It is a testament to Lapid’s skills and to just what a motivating force opposition to Netanyahu is that several parties on the right joined a coalition with the Raam Party, an Islamist Party whose platform effectively calls for the elimination of Israel as a Jewish nation.

And it says something about Monsour Abbas (not to be confused with Palestinian President Mahmoud Abbas) and his desire to deliver tangible benefits to Israel’s Arab citizens that he abandoned the long-held position that Arab parties would not join Israeli governments dedicated to Zionism.

Some in the media have sloppily stated that this is the first time Israeli Arabs have been involved in Israeli governments.  Not true.  Arab citizens have often served as Knesset members representing mainstream Israeli parties, including Likud.  Eight Arab citizens are serving in the new coalition, and only four of them are from the Raam Party.

Arab parties have very occasionally provided crucial support to mainstream parties without formally joining the coalition, as when an Arab Party supported Rabin’s government “from the outside” so that it would not fall during the Oslo process.

The historic breakthrough in the current situation is that a party formally joined a government.  And it is not an exclusively left/center government.  Engineered by a centrist and led by a right-winger, it includes parties across the spectrum, including ones who swore they would never serve with anti-Zionist parties that some allege support terrorism.

And just to put the unpredictable icing on the unimaginable cake, the Arab party who took this giant step is one with a strong Islamist ideology.  Many thought the odds of it happening at all were slight.  After the war with Gaza and the violence in many of Israel’s mixed Arab-Jewish communities, most lowered the chances to nil.  Should the coalition dissolve today, it will be remembered for this unprecedented, historic breakthrough.

A juicy moment that political junkies savor:  Along with just about anything else he could think up, Netanyahu slammed the new coalition for joining with Abbas’ Islamist party even though Netanyahu was the first to court Abbas and float the idea of Raam joining in a coalition.  Among the din of the slurs and curses the defeated former government members threw at Bennett during his speech, one could hear Bennett giving Netanyahu “credit” for opening the door to this new era in Israeli politics.  Well played, indeed.

Sober realism:

Will it last?  For how long?  One would not be unrealistic to think that the day Netanyahu no longer leads the opposition and, therefore, no longer is positioned to resume being Prime Minister, the coalition will self-destruct. The thinking is that the right-wing parties will feel free to abandon the coalition and join back up with their natural partners in Likud, other right-wing parties, and the religious parties.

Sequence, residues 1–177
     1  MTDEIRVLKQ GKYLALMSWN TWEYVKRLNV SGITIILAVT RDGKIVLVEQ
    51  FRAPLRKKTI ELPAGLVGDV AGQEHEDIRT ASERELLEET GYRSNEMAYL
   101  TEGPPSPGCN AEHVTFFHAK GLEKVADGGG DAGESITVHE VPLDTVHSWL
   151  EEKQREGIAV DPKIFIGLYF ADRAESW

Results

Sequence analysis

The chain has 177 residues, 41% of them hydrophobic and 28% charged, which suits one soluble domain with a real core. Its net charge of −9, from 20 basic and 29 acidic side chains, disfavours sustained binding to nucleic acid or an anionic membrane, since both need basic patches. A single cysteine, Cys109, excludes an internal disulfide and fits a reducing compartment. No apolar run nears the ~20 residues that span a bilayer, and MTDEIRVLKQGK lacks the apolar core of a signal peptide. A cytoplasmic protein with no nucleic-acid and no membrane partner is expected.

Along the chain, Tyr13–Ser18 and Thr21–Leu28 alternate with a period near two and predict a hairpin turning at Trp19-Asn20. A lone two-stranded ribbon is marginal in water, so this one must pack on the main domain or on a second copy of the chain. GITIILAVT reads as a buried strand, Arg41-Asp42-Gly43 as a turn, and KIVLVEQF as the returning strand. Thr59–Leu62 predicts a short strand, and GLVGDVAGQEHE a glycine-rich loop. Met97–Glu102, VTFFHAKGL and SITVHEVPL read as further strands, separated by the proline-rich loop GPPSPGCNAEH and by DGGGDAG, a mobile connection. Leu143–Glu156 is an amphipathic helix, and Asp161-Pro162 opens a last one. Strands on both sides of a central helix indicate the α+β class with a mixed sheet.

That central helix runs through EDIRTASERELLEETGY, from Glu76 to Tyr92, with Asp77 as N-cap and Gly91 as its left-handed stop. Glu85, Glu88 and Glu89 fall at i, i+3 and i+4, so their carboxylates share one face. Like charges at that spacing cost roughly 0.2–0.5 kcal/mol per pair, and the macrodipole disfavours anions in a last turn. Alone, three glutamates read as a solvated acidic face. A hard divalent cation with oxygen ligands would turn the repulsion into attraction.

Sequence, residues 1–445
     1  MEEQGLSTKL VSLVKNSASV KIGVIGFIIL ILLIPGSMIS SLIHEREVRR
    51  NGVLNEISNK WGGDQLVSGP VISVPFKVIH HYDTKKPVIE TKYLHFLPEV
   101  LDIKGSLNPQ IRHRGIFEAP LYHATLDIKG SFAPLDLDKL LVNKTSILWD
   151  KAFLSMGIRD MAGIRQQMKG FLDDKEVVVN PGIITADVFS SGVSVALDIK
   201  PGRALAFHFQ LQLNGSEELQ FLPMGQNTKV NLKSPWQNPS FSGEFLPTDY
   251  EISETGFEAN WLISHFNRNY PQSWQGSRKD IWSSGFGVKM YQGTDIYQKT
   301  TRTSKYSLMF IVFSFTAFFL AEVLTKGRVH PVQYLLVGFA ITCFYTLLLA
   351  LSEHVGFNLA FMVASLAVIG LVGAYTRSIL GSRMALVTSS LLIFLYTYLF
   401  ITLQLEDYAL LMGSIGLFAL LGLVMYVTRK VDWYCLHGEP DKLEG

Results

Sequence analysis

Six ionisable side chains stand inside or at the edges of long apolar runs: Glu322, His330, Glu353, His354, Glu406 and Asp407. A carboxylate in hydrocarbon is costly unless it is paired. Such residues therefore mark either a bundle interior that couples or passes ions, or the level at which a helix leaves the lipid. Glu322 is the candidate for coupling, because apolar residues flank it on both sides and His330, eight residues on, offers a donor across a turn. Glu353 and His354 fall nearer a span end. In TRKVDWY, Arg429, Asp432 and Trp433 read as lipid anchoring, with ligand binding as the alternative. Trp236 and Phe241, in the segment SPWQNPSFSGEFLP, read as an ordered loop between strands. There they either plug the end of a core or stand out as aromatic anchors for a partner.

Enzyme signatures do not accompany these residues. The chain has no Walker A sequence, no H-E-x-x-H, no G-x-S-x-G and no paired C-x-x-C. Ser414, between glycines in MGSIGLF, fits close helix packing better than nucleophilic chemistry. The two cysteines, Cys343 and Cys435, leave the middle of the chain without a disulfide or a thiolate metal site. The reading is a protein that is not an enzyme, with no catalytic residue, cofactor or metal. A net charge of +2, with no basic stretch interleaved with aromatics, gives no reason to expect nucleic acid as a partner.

But there is another possible scenario or two.  Bennett and his colleagues recognize that they may not be forgiven for having been “traitors” to the right, and they may very well be happy with sticking with this government to its end.  Likud refugee and New Hope leader Gideon Sa’ar and his colleagues may have similar feelings.

Lapid, who under the new coalition agreement will become Prime Minister in 2023, has the ultimate prize as an incentive to work to keep things going. And then there are all of the other Cabinet members and Knesset members who will have become comfortable with the positions they hold.

And, despite all of the condemnations and curses directed at the new government by the leaders of the religious parties, there is always the possibility that, fearing the loss of some of the bountiful largesse they and their institutions receive from the government, one or both of them somehow see their way to joining up with the coalition some of them have said will bring the wrath of the Lord down upon the nation.  Stranger things have happened in Israeli politics.

After the disgraceful behavior directed at Bennett during the Knesset debate preceding the vote for the new Knesset, Lapid was to give a speech.  Instead, he walked up to the podium and said this:

“I’m skipping the speech I planned to deliver today because I’m here to say one thing – to ask for forgiveness from my mother.
“My mother is 86 years old and we did not easily ask her to make her way to Jerusalem. We did it because I assumed that you would be able to get a grip and act respectfully at this moment, and that she can witness a peaceful transition of power.
“When she was born, Israel did not yet exist, Tel Aviv was a town of 30,000 people and we did not have a parliament and I wanted her to be proud of Israel’s democratic process. Instead, she and every other Israeli citizen is ashamed of you and has again remembered why it’s time to replace you.”

The inspiring speech Lapid did not give is worth reading:  ttps://

There is hope.  And then there is this: Israel’s coronavirus infection rate: 0.0%  Monday: four cases.  Virtually all restrictions lifted.
About the Author
Alan Edelstein made Aliyah in 2011 and lives in Jerusalem. He was the founding partner of a well-respected California government affairs firm and was involved in California government and politics as a lobbyist and consultant for 30 years. He blogs at He can be reached at